Residents deserve answers
As St. Clairsville officials near a decision on whether to sell the municipal water system to a private company, it is becoming more and more clear that the city’s H2O infrastructure is, well, a wreck.
City council members recently were told the Ohio Environmental Protection Agency is mandating costly repairs and improvements to the water system.
“I can’t express to council and the public the severity of this,” said municipal Safety and Service Director Jim Zucal. “There’s tens of millions of dollars of requirements” from the OEPA, he added.
Zucal and other proponents of selling the system have made it plain they agree with state officials. Both the water treatment and distribution systems need an enormous amount of work, they say.
Well, the OEPA order makes that official. It is fair to ask, however, how the water system was permitted to deteriorate to such an extent.
It didn’t happen overnight. Were St. Clairsville officials in the past making the same mistake their counterparts in Steubenville did – failing to make necessary upgrades, little by little, that would require water rate increases?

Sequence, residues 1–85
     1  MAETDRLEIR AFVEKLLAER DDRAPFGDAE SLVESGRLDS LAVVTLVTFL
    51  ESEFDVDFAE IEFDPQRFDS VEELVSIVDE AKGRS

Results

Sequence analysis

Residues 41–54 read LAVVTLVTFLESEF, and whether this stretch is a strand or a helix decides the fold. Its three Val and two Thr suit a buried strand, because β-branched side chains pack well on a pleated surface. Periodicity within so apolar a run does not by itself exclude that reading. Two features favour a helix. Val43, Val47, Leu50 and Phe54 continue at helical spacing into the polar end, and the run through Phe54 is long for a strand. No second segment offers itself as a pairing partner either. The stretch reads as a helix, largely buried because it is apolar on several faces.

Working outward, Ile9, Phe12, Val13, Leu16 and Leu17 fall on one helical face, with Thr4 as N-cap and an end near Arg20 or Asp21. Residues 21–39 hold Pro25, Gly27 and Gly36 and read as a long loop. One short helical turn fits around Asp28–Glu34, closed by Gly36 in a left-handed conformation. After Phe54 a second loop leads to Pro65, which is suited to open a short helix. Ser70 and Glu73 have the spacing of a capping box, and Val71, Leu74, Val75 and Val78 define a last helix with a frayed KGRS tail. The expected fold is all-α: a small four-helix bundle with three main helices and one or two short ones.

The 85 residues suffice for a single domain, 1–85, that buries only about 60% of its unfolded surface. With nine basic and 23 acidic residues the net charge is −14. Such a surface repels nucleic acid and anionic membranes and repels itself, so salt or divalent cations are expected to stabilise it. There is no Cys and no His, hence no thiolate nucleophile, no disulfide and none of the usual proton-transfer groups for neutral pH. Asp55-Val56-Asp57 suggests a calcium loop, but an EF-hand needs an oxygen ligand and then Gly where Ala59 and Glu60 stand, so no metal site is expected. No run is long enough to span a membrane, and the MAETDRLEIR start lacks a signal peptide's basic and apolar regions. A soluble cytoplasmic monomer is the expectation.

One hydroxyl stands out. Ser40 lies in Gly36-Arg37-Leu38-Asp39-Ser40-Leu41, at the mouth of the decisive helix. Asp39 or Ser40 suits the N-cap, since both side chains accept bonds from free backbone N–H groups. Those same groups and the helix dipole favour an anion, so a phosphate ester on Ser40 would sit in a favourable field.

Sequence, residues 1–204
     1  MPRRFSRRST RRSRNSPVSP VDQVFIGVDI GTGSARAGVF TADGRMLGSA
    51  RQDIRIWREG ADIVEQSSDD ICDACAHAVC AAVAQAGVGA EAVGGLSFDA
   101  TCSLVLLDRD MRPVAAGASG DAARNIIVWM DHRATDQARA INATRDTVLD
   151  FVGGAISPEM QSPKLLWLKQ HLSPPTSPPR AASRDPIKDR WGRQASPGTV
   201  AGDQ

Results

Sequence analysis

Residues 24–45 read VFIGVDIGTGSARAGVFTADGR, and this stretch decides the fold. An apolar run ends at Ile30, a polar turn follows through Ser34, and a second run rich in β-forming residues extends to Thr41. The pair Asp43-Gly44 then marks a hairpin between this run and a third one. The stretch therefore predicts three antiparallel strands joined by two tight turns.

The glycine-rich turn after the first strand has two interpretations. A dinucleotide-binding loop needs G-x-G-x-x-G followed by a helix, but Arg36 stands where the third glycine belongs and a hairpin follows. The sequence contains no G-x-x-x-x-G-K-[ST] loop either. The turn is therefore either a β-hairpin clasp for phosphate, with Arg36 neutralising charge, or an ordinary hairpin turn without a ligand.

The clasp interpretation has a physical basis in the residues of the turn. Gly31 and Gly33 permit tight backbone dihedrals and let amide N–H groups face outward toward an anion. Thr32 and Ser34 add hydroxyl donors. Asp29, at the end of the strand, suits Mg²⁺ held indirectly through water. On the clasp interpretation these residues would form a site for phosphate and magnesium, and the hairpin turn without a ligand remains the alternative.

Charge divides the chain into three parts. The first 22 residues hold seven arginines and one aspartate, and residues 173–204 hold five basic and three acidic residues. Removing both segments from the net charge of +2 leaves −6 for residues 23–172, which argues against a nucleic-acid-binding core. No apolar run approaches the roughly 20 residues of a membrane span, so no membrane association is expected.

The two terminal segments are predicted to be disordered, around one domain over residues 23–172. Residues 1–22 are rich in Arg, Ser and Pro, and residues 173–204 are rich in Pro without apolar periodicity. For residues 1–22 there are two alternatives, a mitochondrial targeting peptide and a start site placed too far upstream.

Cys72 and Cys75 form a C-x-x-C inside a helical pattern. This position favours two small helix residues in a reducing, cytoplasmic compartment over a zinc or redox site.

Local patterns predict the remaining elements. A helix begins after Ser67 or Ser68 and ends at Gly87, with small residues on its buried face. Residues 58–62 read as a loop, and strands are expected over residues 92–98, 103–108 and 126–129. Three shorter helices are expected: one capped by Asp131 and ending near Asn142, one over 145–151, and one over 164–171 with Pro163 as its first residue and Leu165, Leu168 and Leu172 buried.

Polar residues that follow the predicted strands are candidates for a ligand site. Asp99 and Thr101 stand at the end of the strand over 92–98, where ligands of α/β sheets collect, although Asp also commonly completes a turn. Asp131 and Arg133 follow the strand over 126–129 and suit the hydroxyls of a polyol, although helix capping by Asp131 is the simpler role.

As readers of this newspaper know, that neglect forced current officials in Steubenville to enact a whopping rate hike earlier this year. It’s likely the same sort of action will be necessary in St. Clairsville, regardless of whether the city retains control of the system or sells it to Aqua Ohio.
That decision is a contentious one that has prompted squabbles in the community. Mayor Terry Pugh and Zucal are proponents of the sale, and it appears several council members agree. However, numerous residents have expressed a desire to retain local control of the system. They fear higher rates, slower response times and other complications if privatization occurs. At least two candidates for mayor are basing their campaigns largely on opposition to the sale.
Regardless of the outcome of that issue, though, the water and wastewater systems in the city will have to be repaired and updated. Obviously, St. Clairsville’s water system has been neglected. Residents of the city have a right to know how that happened.